sprouts, sprouting, sprouted1) VERB When plants, vegetables, or seeds sprout, they produce new shoots or leaves.
It only takes a few days for beans to sprout.2) VERB When leaves, shoots, or plants sprout somewhere, they grow there.
[V prep] Leaf-shoots were beginning to sprout on the hawthorn...
[V prep] Birch trees sprouted from the rubble and grew into a dense young wood.
[V n] ...the garden, which had had time to sprout a shocking collection of weeds.4) VERB If you sprout beans or seeds, you make them grow small shoots before eating them. You usually do this by soaking them in water.
[V n] When you sprout seeds their nutritional content increases...
[V-ed] Sprouted beans only need to be cooked for 1-2 minutes.5) V-ERG: no passive If something such as hair sprouts from a person or animal, or if they sprout it, it grows on them.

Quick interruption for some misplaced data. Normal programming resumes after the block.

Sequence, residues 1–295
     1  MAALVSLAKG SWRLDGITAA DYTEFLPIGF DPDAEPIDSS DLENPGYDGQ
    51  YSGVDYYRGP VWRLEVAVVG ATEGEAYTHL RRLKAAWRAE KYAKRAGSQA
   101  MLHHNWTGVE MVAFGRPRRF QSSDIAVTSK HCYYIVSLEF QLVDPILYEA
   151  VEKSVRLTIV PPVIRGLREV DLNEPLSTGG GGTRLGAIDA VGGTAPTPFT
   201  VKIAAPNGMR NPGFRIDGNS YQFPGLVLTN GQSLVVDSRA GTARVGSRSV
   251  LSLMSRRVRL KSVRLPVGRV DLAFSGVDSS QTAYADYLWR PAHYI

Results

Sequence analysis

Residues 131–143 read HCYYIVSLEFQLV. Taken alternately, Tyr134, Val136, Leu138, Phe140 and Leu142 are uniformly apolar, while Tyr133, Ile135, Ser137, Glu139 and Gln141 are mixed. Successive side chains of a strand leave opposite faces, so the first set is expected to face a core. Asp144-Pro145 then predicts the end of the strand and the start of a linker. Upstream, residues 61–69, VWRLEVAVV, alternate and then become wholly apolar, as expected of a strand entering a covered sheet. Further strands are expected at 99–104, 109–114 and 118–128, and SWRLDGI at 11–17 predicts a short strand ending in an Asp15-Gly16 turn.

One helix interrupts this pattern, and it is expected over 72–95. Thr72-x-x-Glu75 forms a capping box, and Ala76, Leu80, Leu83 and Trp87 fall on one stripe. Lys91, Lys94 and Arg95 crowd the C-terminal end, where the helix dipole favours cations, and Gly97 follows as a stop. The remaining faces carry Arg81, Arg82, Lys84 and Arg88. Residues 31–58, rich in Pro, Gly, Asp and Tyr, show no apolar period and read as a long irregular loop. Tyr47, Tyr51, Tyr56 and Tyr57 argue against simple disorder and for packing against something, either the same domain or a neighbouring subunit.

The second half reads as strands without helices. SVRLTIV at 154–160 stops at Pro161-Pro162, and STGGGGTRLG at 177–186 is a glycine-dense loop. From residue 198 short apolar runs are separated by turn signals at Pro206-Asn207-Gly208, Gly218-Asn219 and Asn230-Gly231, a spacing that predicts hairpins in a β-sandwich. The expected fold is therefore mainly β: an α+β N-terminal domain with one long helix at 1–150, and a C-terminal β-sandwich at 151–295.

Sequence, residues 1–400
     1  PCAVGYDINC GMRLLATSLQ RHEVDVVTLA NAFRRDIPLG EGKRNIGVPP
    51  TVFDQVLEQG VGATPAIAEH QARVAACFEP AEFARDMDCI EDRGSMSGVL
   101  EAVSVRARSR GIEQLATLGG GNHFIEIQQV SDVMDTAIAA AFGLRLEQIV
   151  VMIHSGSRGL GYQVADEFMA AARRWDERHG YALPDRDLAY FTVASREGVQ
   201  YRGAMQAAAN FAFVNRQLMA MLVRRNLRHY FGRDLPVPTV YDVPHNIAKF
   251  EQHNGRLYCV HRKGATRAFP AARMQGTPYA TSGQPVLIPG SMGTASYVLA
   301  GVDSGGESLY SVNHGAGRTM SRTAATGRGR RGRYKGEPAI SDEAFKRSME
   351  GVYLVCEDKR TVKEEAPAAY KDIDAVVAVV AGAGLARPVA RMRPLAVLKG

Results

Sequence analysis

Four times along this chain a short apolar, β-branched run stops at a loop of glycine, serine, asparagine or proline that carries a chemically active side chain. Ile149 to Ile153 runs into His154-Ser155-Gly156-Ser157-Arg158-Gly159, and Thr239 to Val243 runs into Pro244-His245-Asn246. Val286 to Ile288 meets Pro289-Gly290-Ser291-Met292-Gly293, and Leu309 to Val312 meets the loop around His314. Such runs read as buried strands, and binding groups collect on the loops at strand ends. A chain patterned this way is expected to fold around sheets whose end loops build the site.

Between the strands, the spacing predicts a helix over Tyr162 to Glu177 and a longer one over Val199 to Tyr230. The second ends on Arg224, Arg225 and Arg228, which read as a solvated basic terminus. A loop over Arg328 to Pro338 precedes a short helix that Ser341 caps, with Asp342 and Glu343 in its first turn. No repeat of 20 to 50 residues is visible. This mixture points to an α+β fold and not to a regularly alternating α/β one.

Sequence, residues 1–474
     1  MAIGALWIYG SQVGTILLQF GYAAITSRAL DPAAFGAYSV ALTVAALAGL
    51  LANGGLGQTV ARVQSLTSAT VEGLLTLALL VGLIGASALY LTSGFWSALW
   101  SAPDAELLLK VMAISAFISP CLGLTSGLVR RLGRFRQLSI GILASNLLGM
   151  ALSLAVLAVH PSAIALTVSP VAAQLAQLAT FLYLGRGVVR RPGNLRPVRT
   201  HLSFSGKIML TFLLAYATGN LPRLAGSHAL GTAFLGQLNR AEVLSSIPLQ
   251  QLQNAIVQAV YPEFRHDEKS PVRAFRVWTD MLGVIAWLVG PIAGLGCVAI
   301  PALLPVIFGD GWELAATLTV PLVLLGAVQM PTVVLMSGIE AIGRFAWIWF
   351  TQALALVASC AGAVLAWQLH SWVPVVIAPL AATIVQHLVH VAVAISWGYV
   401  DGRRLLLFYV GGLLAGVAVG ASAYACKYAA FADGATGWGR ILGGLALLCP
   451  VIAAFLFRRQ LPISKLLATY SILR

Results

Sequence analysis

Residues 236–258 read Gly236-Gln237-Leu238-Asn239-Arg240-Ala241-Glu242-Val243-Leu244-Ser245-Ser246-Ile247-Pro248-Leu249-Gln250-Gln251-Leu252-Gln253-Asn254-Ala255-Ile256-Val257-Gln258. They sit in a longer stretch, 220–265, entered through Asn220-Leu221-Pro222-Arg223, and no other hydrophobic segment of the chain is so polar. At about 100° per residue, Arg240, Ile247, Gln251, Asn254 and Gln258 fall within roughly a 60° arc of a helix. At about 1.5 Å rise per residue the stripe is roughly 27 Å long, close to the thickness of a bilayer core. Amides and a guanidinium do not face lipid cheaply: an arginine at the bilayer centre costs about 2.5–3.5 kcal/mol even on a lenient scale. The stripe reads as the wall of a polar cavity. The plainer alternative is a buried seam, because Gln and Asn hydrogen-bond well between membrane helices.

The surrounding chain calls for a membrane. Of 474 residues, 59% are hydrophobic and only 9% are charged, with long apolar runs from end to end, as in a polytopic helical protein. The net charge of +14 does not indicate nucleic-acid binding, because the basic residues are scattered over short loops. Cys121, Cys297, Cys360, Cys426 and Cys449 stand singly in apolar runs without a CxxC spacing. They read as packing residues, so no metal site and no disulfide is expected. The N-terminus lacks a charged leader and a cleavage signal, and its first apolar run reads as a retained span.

[V prep] She is very old now, with little, round, wire-rimmed glasses and whiskers sprouting from her chin...
[V n] As well as sprouting a few grey hairs, Kevin seems to be suffering the occasional memory loss.6) V-ERG If a large number of things have appeared or developed somewhere, you can say that they have sprouted there or that the place has sprouted them.
[V adv/prep] More than a million satellite dishes have sprouted on homes across the country...
[V n] Since its first shop was opened in 1976, it has sprouted outlets in 39 countries. [Also V]7) N-COUNT: usu pl Sprouts are vegetables that look like tiny cabbages. They are also called brussels sprouts.8) N-COUNT: usu pl Sprouts are new shoots on plants.
After eleven days of growth the number of sprouts was counted.
English dictionary. 2008.